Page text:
The film was the most expensive production of all time. It went on to become the highest-grossing film of all time. Once again, Cameron was swinging for the fences, and, once again, he smacked a seam-buster over the stadium walls.



    • Budget: $200 million
    • Box Office: $2,187,463,944 (worldwide)
    • Awards: Won 11 out of 14 Oscar nominations
    • Tech: Full-scale Titanic set, underwater rigs to dive to the actual wreck


    2. Aliens (1986)

    Ridley Scott's original Alien (1979) is a masterpiece. Cameron's sequel certainly benefits from the original's success, but it is also an achievement all its own. Part of this success is due to Cameron avoiding the trap of sequels that simply try to replicate the original. 

    Aliens is what great sequels should do: take the original as a launching point but take a slightly different route.

    The original captured a sci-fi/horror hybrid perfectly. Aliens still retain the horror elements but adds a war film to the mix, making this one the best James Cameron movies.

    James Horner's score is gripping and as dark as the cinematography. The production design picks up where The Terminator left off — creating a hellscape with a larger budget. And Stan Winston's creature effects don't get much better than the Queen Alien. Take a look at the making of Aliens below…it’s a doozy.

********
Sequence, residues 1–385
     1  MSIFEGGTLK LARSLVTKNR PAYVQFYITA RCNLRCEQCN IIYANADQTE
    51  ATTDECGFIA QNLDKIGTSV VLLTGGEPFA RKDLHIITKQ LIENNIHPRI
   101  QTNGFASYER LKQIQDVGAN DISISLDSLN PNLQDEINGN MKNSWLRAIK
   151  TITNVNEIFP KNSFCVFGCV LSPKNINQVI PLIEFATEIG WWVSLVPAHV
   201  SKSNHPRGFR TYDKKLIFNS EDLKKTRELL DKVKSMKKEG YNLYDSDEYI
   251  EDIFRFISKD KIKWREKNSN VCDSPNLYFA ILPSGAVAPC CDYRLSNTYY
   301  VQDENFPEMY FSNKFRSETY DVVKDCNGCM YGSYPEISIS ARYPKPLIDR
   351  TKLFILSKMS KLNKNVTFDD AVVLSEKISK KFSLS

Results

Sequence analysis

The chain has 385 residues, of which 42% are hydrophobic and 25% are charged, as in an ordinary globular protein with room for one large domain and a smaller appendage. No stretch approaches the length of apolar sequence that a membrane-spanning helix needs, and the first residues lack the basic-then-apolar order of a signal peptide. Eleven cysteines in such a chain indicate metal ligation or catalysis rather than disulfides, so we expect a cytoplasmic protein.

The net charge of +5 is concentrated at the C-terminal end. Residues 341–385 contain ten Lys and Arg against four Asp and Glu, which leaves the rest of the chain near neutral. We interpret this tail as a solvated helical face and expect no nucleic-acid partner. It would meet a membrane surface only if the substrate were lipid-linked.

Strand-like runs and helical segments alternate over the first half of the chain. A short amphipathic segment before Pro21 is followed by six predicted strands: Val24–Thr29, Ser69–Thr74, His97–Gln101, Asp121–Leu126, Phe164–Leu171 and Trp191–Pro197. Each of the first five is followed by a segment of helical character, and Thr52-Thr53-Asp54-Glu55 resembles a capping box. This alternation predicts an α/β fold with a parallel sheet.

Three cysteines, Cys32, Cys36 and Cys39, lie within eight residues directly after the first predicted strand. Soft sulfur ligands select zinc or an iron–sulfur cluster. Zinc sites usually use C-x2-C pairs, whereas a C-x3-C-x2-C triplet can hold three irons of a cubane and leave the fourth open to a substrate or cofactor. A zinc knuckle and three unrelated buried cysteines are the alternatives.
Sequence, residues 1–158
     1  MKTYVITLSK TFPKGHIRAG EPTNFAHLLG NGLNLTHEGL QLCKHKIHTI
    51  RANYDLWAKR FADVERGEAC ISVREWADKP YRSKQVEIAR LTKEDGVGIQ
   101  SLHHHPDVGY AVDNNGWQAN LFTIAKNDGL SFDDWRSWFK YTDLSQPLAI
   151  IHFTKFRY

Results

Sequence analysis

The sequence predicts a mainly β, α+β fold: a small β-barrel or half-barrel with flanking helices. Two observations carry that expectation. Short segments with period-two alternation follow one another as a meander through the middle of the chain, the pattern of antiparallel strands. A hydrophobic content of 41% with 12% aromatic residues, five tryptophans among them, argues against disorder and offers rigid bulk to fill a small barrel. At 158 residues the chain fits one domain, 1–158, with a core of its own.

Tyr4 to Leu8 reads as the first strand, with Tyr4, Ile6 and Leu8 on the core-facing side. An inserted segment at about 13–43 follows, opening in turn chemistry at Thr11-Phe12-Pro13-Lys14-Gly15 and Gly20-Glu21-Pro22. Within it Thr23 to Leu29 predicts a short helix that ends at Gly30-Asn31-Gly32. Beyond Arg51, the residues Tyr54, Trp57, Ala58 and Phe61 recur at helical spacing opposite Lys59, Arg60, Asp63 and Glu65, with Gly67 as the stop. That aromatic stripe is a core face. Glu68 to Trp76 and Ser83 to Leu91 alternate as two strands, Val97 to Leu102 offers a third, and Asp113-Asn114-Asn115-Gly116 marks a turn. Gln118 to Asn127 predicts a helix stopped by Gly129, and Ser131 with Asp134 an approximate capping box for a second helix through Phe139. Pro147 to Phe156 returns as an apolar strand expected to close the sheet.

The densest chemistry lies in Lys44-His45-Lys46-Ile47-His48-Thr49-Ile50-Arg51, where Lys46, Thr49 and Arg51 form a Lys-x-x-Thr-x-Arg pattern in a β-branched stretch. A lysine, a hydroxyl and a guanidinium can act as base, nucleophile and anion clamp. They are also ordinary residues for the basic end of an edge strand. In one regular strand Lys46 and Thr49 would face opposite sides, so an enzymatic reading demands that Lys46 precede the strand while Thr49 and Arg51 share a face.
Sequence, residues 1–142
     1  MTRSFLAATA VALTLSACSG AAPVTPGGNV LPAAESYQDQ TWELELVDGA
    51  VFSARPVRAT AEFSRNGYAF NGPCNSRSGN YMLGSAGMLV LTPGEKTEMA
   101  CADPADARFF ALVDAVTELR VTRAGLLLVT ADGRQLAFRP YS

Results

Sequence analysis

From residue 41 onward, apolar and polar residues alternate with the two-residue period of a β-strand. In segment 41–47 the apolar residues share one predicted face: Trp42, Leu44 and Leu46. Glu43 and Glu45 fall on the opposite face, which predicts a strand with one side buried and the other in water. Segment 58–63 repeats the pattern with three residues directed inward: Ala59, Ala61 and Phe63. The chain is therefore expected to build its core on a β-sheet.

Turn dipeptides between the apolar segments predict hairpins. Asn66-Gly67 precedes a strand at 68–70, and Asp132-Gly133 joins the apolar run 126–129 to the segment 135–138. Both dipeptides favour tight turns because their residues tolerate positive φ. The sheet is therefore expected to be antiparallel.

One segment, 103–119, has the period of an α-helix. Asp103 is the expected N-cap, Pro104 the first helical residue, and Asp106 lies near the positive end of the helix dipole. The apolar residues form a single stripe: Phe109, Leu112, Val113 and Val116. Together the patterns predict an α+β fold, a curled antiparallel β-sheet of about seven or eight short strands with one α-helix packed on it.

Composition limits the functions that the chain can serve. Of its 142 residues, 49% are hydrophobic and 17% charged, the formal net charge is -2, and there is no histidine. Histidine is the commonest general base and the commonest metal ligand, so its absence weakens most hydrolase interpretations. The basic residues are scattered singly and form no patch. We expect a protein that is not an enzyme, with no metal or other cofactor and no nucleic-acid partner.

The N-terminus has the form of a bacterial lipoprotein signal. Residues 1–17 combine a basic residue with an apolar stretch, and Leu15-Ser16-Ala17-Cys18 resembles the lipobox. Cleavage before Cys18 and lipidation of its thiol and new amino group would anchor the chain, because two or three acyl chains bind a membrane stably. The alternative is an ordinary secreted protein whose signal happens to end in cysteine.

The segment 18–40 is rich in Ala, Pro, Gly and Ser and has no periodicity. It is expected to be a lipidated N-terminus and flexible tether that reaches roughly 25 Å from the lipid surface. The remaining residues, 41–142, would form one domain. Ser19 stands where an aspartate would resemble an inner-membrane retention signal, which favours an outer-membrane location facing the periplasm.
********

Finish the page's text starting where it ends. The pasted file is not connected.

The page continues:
Creating Aliens

    Perhaps better than anyone, Cameron crafts compelling female characters, and performances. And he makes this look effortless. In this case, he inherited Sigourney Weaver's Ripley but amplified her qualities that were beginning to show in the original. 

    The Academy typically ignores sci-fi, action, and horror films. But Weaver earned an Oscar nomination as the lead in a movie that combined all three. Just think about that for a second. 

    We won't make the mistake of claiming Aliens is one of the rare sequels that is better than the original. But we will confidently declare that Aliens is just as good as Alien. And maybe better.



    • Budget: $18.5 million
    • Box Office: $131,060,248 (worldwide)
    • Awards: 7 Oscar nominations, 2 wins (Best Sound Effects Editing and Best Visual Effects)
    • Tech: Alien queen 14’ puppet, miniatures, rear projection


    1. Terminator 2: Judgment Day (1991)

    There's just no topping it. Terminator 2 is the best James Cameron film. It's also in the running for the best action film of all time, but that's a conversation for another time. 

    Let's consider the areas in which James Cameron films excel. Show-stopping action sequences. Strong female protagonist. Sci-fi theme mythology. And filmmaking technology creating never-before-seen imagery. Now, is there any film that maximizes these elements more than T2?